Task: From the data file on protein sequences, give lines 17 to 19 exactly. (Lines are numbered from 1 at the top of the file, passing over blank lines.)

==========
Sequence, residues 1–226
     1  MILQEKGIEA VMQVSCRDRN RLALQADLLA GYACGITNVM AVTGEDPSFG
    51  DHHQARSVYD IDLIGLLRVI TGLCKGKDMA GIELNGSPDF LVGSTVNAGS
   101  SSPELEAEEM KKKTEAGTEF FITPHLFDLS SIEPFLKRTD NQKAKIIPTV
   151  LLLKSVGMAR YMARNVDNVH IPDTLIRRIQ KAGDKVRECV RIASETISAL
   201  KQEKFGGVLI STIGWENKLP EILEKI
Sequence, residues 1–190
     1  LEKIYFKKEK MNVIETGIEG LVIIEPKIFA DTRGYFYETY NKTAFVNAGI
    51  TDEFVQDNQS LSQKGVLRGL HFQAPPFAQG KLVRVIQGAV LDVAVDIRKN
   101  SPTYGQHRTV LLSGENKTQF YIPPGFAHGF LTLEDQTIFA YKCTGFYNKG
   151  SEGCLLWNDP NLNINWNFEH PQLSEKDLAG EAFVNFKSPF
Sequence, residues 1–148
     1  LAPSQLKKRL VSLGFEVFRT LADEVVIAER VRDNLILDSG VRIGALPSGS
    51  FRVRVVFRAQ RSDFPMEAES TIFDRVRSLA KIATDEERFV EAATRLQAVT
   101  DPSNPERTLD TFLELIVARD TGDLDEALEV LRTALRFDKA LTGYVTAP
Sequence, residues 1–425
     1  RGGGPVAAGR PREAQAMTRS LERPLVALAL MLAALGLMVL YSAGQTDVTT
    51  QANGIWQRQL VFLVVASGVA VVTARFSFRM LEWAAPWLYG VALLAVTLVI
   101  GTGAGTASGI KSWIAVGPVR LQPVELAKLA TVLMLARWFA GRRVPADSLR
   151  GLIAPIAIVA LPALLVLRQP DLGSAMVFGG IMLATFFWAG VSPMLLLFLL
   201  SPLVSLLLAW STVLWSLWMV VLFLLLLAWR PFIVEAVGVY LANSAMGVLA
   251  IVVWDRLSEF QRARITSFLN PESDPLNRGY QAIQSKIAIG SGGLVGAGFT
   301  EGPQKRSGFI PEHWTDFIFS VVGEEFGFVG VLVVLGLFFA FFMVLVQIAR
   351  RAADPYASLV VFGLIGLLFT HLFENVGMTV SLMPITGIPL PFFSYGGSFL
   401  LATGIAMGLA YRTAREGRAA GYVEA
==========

     1  RGGGPVAAGR PREAQAMTRS LERPLVALAL MLAALGLMVL YSAGQTDVTT
    51  QANGIWQRQL VFLVVASGVA VVTARFSFRM LEWAAPWLYG VALLAVTLVI
   101  GTGAGTASGI KSWIAVGPVR LQPVELAKLA TVLMLARWFA GRRVPADSLR